LQE regularly refreshes its default type system model; however, it does not automatically refresh the filtered models. If you need to update the models to reflect changes in the type system, you must manually refresh them. See Updating type filter models for more details.


Authoring reports using filtered type system models

In the current version of Report Builder, entries for the filtered type system models appear in the Data Source selection menu.

Report authors must understand what the different entries represent, and when they should choose a filtered model instead of the default. The descriptions are not visible from the Report Builder pages, so consider how best to communicate this information to your reporting teams.

After you select the type system model, Report Builder scopes the list of available artifact types and attributes based on that selection, greatly reducing conflict and duplication.

Note: It is still possible to have type conflicts, for example if the global configuration used to filter the model has contributions with inconsistent type definitions. Follow best practices for using URIs and maintaining type system consistency to minimize conflict and duplication.

Like any other report, you can then continue to limit scope by selecting project areas, artifact types, relationships, and conditions.

Provide a meaningful name and description for the report that will help report users understand when they should run this report and which configurations are valid targets.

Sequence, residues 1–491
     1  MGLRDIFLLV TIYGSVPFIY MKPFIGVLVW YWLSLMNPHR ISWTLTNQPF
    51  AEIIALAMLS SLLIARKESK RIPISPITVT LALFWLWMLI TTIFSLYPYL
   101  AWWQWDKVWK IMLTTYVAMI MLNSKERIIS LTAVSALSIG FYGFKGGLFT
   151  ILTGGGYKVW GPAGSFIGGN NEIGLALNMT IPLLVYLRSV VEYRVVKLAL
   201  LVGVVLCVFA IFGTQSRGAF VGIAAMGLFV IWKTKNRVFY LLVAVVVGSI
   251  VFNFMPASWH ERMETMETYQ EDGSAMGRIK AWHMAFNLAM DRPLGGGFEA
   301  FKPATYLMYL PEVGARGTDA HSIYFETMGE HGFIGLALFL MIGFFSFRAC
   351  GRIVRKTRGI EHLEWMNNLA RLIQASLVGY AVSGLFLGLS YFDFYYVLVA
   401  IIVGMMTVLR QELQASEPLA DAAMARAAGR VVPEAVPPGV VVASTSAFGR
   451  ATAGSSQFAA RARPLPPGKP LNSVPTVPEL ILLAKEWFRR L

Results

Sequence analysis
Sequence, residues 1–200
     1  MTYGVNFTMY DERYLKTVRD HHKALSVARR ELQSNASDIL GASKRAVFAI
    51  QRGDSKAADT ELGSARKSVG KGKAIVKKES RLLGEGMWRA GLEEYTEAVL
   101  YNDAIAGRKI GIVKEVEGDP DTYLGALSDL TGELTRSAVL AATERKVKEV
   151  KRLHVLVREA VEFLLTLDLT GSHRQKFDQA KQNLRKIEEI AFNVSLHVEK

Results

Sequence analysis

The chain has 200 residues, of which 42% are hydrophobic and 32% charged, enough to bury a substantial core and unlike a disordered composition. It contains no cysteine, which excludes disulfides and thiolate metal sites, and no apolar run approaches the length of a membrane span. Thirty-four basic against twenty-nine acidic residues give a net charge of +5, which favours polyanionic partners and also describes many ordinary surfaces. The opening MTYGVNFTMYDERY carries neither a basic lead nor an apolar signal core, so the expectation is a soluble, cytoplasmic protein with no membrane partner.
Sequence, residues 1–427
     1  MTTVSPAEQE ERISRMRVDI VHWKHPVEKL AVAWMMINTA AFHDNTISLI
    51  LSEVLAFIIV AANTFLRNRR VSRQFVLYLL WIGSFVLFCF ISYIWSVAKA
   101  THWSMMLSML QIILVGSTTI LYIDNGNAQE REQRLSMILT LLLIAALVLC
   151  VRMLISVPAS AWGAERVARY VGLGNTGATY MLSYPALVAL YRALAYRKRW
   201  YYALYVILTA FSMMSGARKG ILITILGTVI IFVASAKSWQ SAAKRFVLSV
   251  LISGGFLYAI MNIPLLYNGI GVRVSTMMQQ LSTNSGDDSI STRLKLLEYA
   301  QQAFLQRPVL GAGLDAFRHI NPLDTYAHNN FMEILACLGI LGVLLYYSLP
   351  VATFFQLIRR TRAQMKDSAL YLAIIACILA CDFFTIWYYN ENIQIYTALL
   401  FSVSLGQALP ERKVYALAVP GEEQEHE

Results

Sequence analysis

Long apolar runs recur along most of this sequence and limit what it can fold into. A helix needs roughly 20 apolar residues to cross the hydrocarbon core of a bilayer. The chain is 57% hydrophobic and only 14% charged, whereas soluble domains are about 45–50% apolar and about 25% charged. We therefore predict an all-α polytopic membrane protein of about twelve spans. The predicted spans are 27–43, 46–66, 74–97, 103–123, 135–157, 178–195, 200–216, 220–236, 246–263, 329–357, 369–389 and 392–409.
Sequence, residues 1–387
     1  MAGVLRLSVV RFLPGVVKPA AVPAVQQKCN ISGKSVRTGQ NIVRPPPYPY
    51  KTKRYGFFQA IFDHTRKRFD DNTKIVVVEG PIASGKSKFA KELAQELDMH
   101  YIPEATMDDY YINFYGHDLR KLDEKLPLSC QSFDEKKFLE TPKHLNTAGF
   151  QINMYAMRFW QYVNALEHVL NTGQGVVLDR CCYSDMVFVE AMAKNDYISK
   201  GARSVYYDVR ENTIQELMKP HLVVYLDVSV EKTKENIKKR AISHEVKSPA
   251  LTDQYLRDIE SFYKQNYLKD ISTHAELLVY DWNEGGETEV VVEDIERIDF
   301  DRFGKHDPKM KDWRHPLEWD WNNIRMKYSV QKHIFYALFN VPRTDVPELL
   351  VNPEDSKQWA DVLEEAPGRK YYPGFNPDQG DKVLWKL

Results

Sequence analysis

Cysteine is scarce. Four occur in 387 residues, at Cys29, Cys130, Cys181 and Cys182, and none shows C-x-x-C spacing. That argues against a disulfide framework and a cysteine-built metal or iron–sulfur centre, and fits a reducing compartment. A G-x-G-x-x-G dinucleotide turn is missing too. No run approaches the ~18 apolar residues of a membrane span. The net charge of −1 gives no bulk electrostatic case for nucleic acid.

Running reports based on filtered type system models

Report users don’t typically interact with or care about type system models. However, they do need to know what reports are valid to run against what configurations. If the report is based on a filtered model, and you run that report against a configuration with a different type system, you might get unexpected results. For example, if the report includes an attribute that does not exist in the target configuration, that column would be empty; if the report set a condition on that attribute, there might be no results at all.

Note: The same behaviour is true for reports that use the default model for LQE scoped by a configuration. For example, if a report queries for hardware requirements and the target configuration does not include hardware requirements, there will be no results.

In Report Builder, you can group reports by data source (which currently includes the filtered type system model entries) to understand the report context and review the description.